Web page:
So rethinking strategy and reallocating capital *can* make drastic changes, even at companies where  few people imagined anything can change much.

This is not to suggest that CBRL can make 30% operating margins or anything like that.  MCD and SBUX are both drastically different businesses.

But what I think it's important to remember is that things *can* change and slowing or stopping expansion to improve operations *can* work to boost margins.

Of course, this doesn't mean it's easy.

I just wanted to point out that it can happen and work, even when the rest of the sector continues to suffer (MCD improves while Wendy's, Burger King etc.. continue to not do too well etc...).

Biglari's Track Record
This is a "by the way", but this was included in one of Biglari's letters to CBRL shareholders.

These are his big recent transactions; it seems that he has done well.

I am no expert on the restaurant industry, so I wouldn't be surprised if some restaurant industry veterans looked at CBRL and laughed at the notion that it can improve operations and make more money.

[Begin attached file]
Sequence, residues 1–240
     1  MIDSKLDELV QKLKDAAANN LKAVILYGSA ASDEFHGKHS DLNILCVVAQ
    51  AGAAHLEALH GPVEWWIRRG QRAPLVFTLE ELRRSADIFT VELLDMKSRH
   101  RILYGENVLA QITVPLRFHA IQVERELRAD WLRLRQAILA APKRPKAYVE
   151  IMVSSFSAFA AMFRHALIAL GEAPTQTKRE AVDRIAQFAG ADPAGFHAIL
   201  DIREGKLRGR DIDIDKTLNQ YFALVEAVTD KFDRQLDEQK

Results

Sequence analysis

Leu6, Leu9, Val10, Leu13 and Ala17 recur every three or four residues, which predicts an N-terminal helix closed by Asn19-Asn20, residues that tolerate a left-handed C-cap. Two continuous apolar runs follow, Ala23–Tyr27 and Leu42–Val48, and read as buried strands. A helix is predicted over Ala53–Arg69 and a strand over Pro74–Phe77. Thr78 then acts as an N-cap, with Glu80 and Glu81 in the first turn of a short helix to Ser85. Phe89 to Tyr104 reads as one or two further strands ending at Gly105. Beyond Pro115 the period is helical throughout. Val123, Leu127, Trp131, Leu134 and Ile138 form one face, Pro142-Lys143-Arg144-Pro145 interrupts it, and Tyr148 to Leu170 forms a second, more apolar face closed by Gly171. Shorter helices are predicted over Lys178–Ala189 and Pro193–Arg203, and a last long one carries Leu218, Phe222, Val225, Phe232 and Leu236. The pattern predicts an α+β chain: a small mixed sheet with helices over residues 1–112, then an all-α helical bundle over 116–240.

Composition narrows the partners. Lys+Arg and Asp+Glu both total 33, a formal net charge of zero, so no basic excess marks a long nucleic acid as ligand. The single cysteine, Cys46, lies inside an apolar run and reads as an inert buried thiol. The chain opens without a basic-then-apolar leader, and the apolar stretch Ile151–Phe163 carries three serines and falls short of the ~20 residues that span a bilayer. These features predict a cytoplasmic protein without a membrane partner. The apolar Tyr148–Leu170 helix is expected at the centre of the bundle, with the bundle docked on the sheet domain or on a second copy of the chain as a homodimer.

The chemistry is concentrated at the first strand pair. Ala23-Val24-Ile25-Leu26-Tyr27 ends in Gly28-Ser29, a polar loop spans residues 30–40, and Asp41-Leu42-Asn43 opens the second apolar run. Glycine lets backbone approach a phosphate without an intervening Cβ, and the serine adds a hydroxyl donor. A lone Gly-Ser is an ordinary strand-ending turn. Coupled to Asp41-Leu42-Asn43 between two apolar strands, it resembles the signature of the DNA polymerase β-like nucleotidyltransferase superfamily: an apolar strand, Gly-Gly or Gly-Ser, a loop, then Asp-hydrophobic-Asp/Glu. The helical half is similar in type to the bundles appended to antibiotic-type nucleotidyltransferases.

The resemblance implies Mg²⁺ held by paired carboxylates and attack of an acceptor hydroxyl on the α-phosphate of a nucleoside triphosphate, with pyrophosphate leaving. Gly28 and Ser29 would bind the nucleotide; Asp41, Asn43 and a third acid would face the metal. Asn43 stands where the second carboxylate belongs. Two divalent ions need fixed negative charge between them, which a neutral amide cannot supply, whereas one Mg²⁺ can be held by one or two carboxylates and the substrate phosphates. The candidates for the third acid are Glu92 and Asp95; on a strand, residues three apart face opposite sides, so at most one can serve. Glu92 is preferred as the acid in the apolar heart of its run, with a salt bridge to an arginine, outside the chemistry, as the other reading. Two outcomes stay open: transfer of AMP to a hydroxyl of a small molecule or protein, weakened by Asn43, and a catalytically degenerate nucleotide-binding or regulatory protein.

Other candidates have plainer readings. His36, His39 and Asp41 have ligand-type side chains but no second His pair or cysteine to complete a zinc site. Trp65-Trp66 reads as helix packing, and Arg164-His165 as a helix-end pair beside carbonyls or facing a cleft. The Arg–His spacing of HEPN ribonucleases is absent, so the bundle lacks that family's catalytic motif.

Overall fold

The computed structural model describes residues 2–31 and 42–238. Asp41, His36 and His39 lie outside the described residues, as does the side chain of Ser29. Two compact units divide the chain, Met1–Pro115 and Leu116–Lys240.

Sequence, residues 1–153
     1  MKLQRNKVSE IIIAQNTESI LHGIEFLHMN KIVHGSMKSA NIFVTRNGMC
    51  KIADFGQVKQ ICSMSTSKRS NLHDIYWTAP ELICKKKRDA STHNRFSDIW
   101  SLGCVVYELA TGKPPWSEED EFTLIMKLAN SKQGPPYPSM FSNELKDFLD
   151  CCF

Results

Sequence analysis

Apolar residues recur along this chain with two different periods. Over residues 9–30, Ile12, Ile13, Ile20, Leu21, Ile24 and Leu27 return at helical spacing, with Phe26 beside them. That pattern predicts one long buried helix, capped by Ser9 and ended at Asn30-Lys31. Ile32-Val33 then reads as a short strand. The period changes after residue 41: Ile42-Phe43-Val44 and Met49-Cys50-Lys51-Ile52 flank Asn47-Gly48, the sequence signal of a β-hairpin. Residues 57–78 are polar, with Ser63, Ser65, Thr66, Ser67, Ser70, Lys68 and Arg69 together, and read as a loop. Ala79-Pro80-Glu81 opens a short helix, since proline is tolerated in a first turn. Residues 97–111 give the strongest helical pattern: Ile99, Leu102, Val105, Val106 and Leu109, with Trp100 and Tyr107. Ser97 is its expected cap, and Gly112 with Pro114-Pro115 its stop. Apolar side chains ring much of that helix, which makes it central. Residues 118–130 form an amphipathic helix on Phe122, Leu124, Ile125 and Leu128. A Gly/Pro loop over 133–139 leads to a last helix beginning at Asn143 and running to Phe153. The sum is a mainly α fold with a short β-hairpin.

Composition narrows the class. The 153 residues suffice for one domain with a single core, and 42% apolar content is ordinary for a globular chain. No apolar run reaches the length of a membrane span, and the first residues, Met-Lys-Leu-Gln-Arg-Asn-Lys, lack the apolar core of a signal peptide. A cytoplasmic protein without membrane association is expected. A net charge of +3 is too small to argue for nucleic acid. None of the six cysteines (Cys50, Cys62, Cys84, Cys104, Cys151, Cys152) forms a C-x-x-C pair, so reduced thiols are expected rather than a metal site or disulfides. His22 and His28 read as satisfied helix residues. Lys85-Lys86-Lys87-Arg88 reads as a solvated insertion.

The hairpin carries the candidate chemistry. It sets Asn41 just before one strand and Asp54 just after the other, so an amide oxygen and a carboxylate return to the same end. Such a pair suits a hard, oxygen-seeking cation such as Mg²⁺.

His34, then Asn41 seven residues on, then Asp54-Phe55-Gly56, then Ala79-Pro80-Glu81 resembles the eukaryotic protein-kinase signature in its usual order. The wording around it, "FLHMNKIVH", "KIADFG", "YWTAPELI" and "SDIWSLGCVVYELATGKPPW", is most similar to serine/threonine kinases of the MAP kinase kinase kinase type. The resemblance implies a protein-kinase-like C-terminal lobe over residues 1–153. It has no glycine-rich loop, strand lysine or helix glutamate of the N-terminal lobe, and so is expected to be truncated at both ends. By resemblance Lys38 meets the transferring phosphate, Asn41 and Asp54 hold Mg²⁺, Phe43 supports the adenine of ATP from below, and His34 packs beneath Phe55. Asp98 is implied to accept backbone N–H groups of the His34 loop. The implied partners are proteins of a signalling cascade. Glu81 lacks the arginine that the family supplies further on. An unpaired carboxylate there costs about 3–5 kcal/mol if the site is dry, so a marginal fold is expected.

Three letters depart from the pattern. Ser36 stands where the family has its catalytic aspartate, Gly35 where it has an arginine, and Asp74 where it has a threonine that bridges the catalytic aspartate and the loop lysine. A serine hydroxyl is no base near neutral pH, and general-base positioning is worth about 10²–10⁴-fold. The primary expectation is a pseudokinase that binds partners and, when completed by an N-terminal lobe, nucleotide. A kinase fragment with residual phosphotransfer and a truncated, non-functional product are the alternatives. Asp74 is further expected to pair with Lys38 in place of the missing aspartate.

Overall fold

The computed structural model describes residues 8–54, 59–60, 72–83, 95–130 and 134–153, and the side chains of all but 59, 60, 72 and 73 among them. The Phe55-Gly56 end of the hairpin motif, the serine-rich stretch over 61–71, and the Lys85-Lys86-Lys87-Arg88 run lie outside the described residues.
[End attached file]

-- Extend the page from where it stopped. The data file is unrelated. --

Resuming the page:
But *if* they can make some changes, especially cutting back on growing while they suffer declining traffic and other things (like MCD and SBUX did), they may be able to boost margins.  If they do, this can certainly lead to a doubling or at least a higher stock price.

If that happened, from the above analysis, BH stock too can be worth as much as $700/share (CBRL doubles in price and SNS gets to 8.5% operating margin for the year, and then valuing that business at 16.5x p/e).

Again, this is if things go well at CBRL (and continues to go well at SNS).  I think there is a reasonable chance that both go well, but many things can obviously go wrong.  BH is not a Berkshire Hathaway or a Coca-Cola.  It is a small, concentrated investment dependent on the actions of a single person.   So many things can go wrong here. 

This is something that I will watch closely with interest.  Biglari continues to buy shares even as he lost the proxy contest, so it will be interesting how this plays out going forward.   I do think the pressure is on, though, at CBRL and sometimes that's all that is needed to make some positive changes (it was encouraging that the shareholders voted down the poison pill, at least).

Stay tuned.